Boberg Arms XR45: A Subcompact .45 with Full-Sized Performance
Oleg Volk 05.27.14
Most people prefer smaller guns for carry. They also like higher performance, greater capacity, accuracy, and comfort of larger guns when time comes to use the weapons. At the bottom of the heap are .45 ACP derringers that fail on all counts other than small size, and at the top are mid-size pistols that work fine but really strain the concealability requirement. In the middle are micro-1911 types, XDS and others that work fine but aren’t much fun to shoot. And without comfort in shooting, extensive training becomes difficult.
Boberg Arms XR series pistols were designed to make these trade-offs a thing of the past. Much like the Maxim machine gun was a massive improvement on the mechanical Gatlings and Nordenfeldts, this ingenious pistol improves on the traditional designs in several ways at once.
Arne Boberg made a big splash a couple of years ago with XR9 series, a bullpup like design with rotary breech. At 17.5 ounces, the pistol held one more round that its competitors, was more accurate, had an extra 1.5″ of barrel length, and most importantly, had less than half of the felt recoil of other subcompacts. The gun quickly developed a loyal following who inundated Arne with requests for a 45ACP variant. Arne Boberg, ever a perfectionist, came up with something even better–a 45ACP subcompact that can safely fire not only +P loads but also 45 Super.
At 22 ounces, it cuts 2-3 ounces from the weight of a 3″ M1911s and an inch from the length while adding 3/4″ more barrel length. Magazine capacity at 6 rounds is the same. The trigger is a light DAO, with about 6-6.5lb spring and no perceptible stack-up. The closest feel to the XR45 trigger would be an older Colt revolver.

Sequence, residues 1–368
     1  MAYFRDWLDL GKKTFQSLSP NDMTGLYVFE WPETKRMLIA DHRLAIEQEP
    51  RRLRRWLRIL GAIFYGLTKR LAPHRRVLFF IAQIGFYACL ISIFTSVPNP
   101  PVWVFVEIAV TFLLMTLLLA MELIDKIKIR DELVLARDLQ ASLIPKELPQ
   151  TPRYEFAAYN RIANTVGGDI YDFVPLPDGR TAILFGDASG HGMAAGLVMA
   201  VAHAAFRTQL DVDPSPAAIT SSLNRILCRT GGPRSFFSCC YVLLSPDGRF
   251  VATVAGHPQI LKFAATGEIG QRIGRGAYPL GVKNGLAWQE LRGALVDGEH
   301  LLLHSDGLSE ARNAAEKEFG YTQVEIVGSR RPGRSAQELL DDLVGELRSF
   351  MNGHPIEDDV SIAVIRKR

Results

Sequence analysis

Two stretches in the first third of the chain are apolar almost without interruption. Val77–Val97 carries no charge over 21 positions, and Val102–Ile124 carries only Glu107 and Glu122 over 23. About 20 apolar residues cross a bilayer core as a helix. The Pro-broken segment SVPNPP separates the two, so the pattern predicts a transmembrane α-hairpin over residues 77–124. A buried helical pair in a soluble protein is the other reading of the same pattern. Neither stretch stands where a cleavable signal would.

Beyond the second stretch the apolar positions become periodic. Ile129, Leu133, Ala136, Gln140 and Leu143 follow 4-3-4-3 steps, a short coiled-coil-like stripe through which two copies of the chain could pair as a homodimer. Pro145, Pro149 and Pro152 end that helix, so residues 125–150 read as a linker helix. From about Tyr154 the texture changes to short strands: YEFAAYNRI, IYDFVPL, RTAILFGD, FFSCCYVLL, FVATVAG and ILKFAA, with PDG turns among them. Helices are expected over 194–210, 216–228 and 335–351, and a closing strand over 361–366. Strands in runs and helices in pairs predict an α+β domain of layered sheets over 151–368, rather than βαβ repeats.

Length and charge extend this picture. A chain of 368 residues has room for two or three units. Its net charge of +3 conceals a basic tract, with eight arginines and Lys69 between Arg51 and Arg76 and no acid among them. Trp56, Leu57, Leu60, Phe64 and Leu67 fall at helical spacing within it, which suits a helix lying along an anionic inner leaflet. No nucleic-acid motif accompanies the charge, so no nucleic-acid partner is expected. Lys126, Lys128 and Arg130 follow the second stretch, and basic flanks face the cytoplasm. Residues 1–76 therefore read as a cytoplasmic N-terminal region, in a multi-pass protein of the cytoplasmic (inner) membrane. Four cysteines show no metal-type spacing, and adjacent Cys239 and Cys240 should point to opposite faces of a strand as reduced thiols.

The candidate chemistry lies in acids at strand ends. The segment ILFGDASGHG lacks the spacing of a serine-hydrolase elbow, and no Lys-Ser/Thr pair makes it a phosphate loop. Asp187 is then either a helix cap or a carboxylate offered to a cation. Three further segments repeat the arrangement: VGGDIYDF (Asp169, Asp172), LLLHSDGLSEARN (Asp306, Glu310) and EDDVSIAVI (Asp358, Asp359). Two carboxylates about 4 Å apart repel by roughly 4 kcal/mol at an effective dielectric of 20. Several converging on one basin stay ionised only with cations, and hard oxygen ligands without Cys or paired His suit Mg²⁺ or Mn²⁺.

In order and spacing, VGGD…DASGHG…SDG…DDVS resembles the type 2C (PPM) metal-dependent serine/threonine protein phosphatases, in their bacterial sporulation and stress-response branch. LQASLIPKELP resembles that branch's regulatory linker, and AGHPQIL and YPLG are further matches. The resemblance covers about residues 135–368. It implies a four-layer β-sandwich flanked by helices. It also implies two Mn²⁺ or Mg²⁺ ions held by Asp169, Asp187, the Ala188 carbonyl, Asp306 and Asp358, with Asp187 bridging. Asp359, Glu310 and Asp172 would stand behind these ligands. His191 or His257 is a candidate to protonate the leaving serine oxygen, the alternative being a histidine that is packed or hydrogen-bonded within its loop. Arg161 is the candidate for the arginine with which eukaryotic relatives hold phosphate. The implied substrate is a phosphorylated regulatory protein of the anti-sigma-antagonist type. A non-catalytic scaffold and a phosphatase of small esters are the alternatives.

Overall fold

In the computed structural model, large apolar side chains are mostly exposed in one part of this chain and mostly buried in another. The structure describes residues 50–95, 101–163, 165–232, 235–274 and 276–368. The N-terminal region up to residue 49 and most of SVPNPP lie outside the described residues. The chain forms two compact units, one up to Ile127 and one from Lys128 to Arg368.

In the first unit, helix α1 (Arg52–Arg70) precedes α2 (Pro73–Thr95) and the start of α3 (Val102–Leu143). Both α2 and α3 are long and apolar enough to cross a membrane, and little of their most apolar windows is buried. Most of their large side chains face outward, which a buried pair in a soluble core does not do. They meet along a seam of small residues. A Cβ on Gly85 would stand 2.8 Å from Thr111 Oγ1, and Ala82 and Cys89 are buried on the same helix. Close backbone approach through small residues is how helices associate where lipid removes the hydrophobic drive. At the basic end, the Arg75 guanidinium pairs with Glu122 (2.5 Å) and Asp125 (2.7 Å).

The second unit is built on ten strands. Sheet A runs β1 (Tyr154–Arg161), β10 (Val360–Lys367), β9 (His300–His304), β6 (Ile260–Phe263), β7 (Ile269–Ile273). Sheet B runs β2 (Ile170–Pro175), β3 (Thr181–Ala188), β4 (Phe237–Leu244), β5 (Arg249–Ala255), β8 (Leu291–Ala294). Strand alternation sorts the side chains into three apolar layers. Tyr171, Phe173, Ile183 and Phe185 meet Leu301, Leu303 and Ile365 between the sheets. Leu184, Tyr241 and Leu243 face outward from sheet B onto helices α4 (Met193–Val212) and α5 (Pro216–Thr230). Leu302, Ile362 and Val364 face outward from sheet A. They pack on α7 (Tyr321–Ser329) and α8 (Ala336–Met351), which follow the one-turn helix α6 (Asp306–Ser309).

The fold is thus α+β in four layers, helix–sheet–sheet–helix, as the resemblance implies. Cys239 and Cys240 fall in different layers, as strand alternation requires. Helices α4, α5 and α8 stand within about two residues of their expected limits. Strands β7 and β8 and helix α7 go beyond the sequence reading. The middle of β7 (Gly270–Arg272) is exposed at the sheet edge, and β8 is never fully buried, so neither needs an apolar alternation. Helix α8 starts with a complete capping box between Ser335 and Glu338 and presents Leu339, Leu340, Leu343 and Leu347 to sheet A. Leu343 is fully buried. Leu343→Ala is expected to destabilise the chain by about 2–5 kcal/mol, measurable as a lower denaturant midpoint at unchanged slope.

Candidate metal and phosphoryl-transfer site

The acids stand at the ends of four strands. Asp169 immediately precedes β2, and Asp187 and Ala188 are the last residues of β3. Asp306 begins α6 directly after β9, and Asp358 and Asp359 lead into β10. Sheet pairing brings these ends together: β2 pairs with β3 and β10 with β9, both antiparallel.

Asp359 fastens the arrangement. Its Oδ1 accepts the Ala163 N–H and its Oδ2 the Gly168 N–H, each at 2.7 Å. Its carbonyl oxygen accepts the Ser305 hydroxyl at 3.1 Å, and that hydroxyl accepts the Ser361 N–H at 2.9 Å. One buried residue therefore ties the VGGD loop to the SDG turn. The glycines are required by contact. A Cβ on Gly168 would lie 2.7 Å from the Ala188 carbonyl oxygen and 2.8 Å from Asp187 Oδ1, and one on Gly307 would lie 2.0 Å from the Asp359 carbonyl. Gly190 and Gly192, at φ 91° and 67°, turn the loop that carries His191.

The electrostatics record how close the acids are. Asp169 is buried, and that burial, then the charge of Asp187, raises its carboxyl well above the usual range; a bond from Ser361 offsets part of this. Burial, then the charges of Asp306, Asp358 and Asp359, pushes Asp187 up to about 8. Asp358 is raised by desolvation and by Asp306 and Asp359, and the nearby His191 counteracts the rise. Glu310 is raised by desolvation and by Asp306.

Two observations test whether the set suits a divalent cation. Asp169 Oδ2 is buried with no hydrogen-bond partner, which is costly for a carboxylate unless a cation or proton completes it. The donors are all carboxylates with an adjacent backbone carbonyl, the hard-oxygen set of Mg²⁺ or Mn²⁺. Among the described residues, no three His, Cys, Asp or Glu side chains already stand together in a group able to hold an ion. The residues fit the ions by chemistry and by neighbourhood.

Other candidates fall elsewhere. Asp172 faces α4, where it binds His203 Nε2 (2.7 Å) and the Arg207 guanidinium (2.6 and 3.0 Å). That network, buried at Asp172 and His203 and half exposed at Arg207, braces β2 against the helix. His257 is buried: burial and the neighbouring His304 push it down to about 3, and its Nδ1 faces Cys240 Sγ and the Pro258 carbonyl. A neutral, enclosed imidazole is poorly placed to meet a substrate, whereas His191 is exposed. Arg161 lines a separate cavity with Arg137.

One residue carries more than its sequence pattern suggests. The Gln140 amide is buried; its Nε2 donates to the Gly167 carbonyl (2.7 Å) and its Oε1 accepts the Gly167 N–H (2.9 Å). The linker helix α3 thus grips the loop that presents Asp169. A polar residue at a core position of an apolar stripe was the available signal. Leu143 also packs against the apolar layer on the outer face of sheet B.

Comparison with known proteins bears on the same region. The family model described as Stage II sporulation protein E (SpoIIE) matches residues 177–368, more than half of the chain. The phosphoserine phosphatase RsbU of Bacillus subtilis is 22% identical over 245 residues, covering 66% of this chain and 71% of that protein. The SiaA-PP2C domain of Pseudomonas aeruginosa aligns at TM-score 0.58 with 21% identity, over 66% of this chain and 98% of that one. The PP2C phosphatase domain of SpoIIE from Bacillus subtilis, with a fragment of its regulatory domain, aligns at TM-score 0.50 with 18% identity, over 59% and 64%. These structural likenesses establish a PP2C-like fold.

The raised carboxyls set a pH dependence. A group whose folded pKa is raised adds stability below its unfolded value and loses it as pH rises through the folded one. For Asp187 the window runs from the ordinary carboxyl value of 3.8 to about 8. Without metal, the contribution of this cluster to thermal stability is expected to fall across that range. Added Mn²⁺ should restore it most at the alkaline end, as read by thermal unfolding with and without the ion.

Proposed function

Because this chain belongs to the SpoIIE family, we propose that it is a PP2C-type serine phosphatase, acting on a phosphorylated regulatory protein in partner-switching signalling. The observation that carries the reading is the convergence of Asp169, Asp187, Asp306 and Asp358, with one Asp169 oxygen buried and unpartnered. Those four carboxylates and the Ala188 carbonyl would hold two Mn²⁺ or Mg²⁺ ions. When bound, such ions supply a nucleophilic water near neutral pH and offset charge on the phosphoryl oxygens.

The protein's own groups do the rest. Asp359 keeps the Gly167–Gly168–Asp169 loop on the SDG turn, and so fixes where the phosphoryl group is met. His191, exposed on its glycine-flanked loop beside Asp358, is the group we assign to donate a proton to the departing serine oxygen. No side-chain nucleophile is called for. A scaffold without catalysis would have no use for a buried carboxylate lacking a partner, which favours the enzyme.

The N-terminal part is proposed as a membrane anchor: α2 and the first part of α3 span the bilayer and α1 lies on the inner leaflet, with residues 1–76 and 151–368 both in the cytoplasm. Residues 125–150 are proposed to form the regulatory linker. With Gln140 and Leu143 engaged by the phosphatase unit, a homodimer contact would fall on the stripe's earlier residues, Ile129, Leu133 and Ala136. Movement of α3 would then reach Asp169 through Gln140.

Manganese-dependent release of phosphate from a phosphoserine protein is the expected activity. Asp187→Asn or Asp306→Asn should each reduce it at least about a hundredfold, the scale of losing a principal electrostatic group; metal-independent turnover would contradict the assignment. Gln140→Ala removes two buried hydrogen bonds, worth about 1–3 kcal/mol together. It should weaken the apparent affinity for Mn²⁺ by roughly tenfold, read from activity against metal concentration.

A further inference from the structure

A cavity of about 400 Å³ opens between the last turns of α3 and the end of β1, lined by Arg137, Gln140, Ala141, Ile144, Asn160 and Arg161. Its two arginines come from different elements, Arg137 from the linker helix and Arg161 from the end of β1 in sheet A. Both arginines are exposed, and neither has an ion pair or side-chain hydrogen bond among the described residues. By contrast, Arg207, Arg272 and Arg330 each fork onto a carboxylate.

The big difference between a micro 1911 and the XR45 comes in the recoil. XR45 has very little kick, in part because the grip is relatively far forward, reducing leverage and consequently the muzzle rise. The other part is the rotary breech, which also allows a very lightweight recoil spring. Rotary breech guns weren’t previously known for accuracy, but Boberg’s re-calculation of the locking surface angles and very precise manufacturing yielded greater mechanical accuracy than the small 1911s or the larger rotary breech guns like the Beretta Cougar 8045. Cougar, being much larger, does win in sight radius comparison, so the two come in close to the same group size in practice.
If you choose to load 45 Super (from 185gr at 1300fps to 230gr at 1100fps), the recoil will become noticeable. Matching full-size 10mm Auto energy levels with a pocket pistol doesn’t feel like shooting plinking ammunition, but it doesn’t hurt the hand, either. XR45 is a very pocketable pistol but, like all of them, it does require a good holster and a proper pair of pants. My personal preference would be the reinforced designs with expandable pocket openings made by CCW Breakaways.
I cannot vouch for the accuracy of XR45 yet as I’ve only handled the prototype with interim barrel design, but the XR9 pistols are very accurate, and I don’t expect .45 ACP chambering to be inferior to the 9mm.
There’s a reason why I sound like a staunch partisan of the Boberg pistols. I’ve shot the pre-production guns for a couple of years and have been carrying the production pistols, both short and long model, for about a year. I found them reliable, pleasant to shoot, and very effective with a variety of ammunition. As a result, the availability of XR45 for advanced order was great news to me. The gun isn’t cheap, but the price pays for better engineering and production rather than for fancier grips or finish as with some 1911s.